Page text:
This year sees a similar trend, albeit more briefly, as students from Ateneo de Manila University took to social media last Wednesday to reimagine the school’s upcoming event called Talakayang Alay sa Bayan (TALAB), or Discussions for the Nation.

While older Ateneo alumni waxed nostalgic about the school’s societal timeliness, students and other graduates mashed current events with cultural memes to produce alternate classes that, for all their humor, are mostly in the spirit of the event.

  • Pare, pulis ako: A discourse on the PNP 
  • Get rich, quick!: or how my father cheated an entire country, a talk by Bong Bong Marcos 
  • Works at The Krusty Krab: The Fight Against Contractualization 
  • Rape Is Wrong: How To Keep Bananas In Their Pajamas 
  • DTF: Deconstructing The Fuckboy 

  • “Edi sa puso mo :)” A Symposium on Work Environment in the Philippines 
  • Beat Energy Gap: The Role of Sustainable Energy in Ensuring the Continued Development of a Nation 
  • Beat the Energy Gap: A Talk By James Reid on the Opportunities for the Semiconductor Industry in the Philippines 
  • Don’t Delete That Tweet: How To Handle Tweeting a Major Erratum in an Important Announcement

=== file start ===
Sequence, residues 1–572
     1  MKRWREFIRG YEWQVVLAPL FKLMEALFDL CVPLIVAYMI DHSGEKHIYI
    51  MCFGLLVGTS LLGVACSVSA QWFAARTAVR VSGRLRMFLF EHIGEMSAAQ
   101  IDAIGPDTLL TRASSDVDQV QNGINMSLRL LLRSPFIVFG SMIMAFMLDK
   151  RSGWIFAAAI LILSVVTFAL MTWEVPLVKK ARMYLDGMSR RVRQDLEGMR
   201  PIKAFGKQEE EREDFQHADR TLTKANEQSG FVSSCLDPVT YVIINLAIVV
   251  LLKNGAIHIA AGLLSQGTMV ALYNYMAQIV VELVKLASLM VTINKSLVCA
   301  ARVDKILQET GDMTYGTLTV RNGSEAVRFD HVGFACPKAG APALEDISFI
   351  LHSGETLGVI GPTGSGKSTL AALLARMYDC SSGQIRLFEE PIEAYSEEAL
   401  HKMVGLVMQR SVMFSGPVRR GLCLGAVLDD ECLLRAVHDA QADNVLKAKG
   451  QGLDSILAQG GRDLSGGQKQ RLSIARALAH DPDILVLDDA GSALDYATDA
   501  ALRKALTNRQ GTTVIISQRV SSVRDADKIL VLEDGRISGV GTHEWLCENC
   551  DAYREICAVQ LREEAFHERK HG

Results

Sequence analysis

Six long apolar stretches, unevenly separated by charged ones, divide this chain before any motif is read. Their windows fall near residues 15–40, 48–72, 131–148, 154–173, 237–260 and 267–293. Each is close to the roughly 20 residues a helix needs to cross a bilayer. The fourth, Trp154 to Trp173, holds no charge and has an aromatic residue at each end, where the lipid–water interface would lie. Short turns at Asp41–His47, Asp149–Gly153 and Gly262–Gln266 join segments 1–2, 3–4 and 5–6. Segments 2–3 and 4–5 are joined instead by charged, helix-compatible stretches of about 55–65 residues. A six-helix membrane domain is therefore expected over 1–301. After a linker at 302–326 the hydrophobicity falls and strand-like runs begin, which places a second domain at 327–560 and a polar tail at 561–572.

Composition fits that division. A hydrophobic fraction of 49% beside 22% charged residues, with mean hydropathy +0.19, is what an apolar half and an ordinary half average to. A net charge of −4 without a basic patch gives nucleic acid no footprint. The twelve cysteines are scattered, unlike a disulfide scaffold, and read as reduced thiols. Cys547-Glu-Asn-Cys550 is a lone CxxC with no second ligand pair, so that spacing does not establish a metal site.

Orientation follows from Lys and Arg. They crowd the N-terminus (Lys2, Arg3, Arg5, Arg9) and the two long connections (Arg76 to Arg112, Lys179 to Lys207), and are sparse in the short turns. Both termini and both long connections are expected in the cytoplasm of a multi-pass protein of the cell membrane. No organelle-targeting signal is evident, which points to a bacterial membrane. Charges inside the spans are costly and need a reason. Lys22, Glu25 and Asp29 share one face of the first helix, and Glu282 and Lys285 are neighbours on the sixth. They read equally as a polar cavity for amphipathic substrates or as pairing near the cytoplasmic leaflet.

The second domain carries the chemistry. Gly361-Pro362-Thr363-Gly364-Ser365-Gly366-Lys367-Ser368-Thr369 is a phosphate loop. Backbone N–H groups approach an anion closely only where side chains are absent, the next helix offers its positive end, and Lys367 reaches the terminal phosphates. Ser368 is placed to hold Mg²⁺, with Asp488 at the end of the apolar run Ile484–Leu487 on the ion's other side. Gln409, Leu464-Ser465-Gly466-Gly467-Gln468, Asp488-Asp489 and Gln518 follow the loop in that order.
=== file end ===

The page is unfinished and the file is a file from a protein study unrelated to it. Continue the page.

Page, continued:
• “Bigyan ng Jacket ‘Yan!”: A Talk on Allocation of Resources by Willie Revillame 
  • Bigyan ng Jacket: Global Warming and Cold Days in February 
  • LF: Gays and Tagging Your Friends: A Sensitivity Workshop on Sexual Orientation, Gender Identity, and Expression 

  • Human Experimentation and On-Campus Conspiracy Theories: a study tour of PIPAC 
  • VILLAGE ‘TO: An introduction to infrastructure and urban planning 
  • Traffic as a State of Mind: Forum on Traffic and Congestion by Department of Transportation Secretary Arthur Tugade 
  • My Political Color is Brown: Skin Care Regimen by Mocha Uson 
  • Ni Hao: Breaking the Great Wall by Kim Chiu, Xian Lim and the Cast of Mano Po 7 sponsored by Kowloon House 
  • Deal or No Deal? Investment and Financial Literacy with Kris Aquino sponsored by Sun Life Financial 
  • Kiss It Better: Mastering The Perfect Momol by Chokoleit 
  • Ingat: Basic First Aid and Wellness by John Lloyd Cruz 
  • Maalaala Mo Kaya? Improving Your Memory with Charo Santos-Concio sponsored by Memo Plus Gold 

  • Dream, Believe, Survive: The Secret to Idealism by Yasmien Kurdi and Rainier Castillo